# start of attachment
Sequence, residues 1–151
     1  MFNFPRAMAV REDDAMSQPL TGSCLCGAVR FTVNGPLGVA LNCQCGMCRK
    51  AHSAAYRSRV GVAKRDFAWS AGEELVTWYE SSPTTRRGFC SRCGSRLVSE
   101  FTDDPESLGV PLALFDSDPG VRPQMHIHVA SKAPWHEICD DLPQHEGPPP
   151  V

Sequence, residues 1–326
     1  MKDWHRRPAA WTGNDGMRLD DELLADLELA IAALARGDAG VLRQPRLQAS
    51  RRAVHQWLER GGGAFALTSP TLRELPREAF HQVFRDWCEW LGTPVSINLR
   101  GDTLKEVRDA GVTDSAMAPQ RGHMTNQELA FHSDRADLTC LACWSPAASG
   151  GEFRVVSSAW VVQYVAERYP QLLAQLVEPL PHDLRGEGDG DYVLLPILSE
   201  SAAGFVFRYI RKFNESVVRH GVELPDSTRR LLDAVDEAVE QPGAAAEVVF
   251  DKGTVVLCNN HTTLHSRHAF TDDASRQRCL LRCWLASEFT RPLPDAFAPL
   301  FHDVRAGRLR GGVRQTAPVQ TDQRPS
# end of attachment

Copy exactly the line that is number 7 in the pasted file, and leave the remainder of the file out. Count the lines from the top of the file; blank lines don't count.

     1  MKDWHRRPAA WTGNDGMRLD DELLADLELA IAALARGDAG VLRQPRLQAS